For most mendicant orders, our monastic customs usually come to us by way of the canons regular. This fact is especially visible in the Dominican way of life, as St. Dominic was a Spanish canon regular before founding the Order. Many great Dominican historians and thinkers noted the influence and importance of this “canonical” heritage in our history and way of life. For example, we make profession to follow the classic rule of the canons regular (the Rule of St. Augustine), and our Book of Constitutions–which interpret the Rule–call us to the observances of “the common life, the celebration of the liturgy and private prayer, keeping the vows, the assiduous study of truth, and apostolic ministry.” It goes on to explain that certain practices such as “Cloister, silence, the habit and penitential exercises help us to carry out these effectively.” (L.C.O. 40).
It is worth pointing out here that, though these practices have origins in the lives of the monks and canons regular, they are not pursued by Dominicans for their own sake. Instead, we maintain these practices–following St. Dominic’s example–for the sake of the salvation of souls. As our Fundamental Constitution puts it: “Not only do these things contribute to the glory of God and our sanctification, they also bear directly on the salvation of humankind, since together they prepare and impel us to preach; they give our preaching its character, and, in turn, are influenced by it.” (L.C.O. 1:4). In other words, the reason why we follow these monastic or canonical traditions is to help us become better ministers of the Word of God. They exist to provide for us the foundation on which to preach, teach, and serve the people of God in a way that is uniquely Dominican. This, it appears, was the vision that St. Dominic held when he conceived of an “Order of Preachers.” The Dominican Sisters of St. Cecilia in Nashville admirably sum up this dynamic on their website, writing:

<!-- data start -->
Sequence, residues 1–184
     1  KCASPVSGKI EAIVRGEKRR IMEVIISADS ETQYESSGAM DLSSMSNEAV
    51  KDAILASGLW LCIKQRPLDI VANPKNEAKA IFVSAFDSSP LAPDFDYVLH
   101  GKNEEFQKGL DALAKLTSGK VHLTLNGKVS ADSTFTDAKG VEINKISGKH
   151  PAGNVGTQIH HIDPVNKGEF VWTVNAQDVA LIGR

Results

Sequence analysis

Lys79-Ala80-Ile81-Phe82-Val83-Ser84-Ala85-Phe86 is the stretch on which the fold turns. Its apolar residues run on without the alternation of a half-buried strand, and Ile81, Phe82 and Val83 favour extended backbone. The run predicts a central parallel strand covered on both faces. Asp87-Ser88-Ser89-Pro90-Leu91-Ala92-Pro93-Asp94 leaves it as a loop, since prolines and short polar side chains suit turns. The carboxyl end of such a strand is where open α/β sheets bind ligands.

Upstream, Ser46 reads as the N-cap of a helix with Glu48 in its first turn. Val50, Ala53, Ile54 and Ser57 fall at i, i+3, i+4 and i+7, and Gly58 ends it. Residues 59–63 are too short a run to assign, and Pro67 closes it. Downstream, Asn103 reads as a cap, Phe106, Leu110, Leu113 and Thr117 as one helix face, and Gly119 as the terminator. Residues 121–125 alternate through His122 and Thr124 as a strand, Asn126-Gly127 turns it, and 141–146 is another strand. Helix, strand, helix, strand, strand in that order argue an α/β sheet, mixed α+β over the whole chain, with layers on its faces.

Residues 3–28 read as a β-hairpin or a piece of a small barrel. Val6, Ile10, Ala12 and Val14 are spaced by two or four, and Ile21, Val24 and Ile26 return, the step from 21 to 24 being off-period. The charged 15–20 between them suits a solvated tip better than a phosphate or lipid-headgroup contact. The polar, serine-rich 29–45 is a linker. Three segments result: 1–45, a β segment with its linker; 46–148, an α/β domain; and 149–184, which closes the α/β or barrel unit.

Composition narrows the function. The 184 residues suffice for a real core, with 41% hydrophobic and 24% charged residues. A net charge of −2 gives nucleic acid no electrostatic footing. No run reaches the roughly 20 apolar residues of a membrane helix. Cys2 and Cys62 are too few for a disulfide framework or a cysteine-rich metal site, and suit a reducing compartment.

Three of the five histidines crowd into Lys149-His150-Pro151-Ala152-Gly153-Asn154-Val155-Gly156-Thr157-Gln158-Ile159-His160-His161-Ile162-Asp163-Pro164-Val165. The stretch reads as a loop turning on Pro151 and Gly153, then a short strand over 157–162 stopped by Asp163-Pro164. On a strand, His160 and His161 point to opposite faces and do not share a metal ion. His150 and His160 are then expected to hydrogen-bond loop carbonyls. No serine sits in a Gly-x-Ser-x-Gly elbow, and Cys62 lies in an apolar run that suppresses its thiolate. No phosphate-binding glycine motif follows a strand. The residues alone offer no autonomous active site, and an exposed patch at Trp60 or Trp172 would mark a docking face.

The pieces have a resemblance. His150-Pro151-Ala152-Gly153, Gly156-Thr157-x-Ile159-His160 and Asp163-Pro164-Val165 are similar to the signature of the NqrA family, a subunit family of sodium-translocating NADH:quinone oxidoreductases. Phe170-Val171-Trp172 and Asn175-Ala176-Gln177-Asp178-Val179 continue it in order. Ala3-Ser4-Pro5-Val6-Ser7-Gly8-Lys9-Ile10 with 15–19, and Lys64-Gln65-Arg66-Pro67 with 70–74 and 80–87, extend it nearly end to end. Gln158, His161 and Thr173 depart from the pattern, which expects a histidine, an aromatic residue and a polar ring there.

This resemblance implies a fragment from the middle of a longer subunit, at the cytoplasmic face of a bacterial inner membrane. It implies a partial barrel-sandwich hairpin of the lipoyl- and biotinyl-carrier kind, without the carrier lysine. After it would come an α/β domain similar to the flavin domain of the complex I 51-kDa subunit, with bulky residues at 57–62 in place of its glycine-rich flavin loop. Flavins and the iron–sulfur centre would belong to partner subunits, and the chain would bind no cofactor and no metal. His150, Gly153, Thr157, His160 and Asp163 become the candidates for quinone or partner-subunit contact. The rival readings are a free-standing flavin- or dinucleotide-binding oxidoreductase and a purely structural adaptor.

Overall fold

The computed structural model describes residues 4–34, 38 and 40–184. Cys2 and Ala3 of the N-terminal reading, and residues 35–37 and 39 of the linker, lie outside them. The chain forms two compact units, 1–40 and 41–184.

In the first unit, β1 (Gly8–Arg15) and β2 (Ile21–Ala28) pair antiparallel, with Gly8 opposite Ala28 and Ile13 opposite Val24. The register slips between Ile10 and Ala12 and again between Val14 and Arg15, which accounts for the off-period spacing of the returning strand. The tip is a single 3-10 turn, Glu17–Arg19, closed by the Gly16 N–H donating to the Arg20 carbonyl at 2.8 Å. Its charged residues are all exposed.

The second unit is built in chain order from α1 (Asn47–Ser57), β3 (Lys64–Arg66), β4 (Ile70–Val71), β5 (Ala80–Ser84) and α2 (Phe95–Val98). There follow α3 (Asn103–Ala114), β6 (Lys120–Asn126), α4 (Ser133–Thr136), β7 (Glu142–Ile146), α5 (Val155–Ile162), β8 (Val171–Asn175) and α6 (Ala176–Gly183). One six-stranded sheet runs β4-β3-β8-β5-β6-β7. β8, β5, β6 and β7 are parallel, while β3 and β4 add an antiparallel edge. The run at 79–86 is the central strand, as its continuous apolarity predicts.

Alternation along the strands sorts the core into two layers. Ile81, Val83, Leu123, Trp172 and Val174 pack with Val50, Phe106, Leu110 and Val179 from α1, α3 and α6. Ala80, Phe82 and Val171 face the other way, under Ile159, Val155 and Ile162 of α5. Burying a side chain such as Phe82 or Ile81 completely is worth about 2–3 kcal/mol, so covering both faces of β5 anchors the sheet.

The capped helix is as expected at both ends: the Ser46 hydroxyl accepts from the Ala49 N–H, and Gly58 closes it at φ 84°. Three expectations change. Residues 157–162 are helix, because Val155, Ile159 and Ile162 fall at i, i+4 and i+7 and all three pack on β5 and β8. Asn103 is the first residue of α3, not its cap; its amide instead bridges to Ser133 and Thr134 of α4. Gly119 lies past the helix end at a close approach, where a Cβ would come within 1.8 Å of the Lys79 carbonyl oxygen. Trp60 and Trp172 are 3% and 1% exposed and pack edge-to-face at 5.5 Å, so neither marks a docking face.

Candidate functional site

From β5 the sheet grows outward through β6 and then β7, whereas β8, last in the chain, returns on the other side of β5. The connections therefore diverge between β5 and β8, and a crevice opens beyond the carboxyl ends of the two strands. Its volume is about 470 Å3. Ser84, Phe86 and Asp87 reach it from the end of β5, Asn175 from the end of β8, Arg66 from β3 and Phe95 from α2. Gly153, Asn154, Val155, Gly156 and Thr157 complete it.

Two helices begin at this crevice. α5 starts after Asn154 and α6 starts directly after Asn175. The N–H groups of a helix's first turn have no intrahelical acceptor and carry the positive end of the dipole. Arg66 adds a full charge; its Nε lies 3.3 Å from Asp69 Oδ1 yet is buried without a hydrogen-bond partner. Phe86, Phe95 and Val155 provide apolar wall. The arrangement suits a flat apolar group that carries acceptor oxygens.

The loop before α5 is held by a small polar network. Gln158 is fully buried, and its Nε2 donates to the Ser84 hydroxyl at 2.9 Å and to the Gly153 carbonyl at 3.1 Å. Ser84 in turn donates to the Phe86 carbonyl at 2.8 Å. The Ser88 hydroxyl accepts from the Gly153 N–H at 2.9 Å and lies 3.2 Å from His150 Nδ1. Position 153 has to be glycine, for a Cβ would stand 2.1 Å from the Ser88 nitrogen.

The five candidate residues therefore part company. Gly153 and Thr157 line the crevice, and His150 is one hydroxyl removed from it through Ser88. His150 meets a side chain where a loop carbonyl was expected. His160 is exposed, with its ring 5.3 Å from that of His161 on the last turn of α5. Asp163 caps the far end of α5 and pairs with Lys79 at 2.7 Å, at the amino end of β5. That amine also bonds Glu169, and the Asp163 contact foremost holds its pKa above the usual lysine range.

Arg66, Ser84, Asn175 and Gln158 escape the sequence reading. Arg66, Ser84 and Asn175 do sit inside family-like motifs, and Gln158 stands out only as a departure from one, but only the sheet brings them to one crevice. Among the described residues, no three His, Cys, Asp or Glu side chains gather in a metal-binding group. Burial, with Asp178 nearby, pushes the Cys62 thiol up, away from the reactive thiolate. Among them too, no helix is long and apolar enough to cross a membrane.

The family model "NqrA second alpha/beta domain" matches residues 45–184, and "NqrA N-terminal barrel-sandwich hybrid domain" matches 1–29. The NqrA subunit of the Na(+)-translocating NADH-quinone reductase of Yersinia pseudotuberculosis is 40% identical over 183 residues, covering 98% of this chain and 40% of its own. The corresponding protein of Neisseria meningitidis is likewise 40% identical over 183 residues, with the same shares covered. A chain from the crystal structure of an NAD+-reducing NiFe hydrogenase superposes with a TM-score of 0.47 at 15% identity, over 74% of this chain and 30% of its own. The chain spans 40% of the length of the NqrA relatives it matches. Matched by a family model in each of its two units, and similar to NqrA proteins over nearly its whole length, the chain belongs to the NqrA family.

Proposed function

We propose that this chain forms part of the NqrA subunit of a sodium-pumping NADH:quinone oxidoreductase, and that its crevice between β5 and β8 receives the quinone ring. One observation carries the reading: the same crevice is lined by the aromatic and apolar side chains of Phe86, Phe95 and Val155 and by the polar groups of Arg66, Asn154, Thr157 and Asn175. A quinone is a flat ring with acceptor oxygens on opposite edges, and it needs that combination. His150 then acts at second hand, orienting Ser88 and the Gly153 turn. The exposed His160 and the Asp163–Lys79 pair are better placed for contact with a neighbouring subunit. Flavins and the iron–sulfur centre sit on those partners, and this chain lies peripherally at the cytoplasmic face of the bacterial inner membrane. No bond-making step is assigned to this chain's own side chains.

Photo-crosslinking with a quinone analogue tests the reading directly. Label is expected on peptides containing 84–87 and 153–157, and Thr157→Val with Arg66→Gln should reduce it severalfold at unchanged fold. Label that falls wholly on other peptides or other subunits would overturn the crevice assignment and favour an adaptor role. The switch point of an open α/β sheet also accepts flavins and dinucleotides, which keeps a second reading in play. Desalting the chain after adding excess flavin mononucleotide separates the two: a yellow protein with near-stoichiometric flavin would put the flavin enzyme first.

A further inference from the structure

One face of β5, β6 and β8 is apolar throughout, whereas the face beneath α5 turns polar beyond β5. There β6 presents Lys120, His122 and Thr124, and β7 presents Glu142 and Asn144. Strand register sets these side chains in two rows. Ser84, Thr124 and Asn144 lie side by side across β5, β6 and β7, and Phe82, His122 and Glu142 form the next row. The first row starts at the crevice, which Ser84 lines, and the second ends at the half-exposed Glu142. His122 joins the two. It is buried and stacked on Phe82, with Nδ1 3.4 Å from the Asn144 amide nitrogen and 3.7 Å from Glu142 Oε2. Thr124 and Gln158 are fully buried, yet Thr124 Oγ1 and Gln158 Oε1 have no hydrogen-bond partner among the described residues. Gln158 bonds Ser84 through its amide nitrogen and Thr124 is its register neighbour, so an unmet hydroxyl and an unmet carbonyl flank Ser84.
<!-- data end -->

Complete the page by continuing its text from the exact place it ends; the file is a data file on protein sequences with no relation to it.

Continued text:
St. Dominic saw great value in the cloister, in silence, in the choral office, and in many other ancient practices of monastic life. He recognized their importance, not in isolating the friar from the world, but in forming him for the apostolic work. Prayer and study were necessary to create an apostle on fire with love for God. St. Dominic considered the monastic life essential to the vision of religious life he was bequeathing to his spiritual sons and daughters.
This desire to harmoniously combine the contemplative with the active, the monastic with the apostolic, and the cloister with the mission-field is at the heart of what it means to be a “Dominican Friar.” While we share many of these similarities with other mendicant orders such as the Franciscans, Augustinians, Carmelites, Mercedarians, Trinitarians, and others, it is our focus on ministering the Word of God as preachers and teachers which distinguishes us. Hence, we are known officially as the “Friars Preachers.”
May the Lord help us to holdfast to this seemingly paradoxical, astonishingly ambitious, and marvelously beautiful way of life that our holy father, St. Dominic, entrusted to us.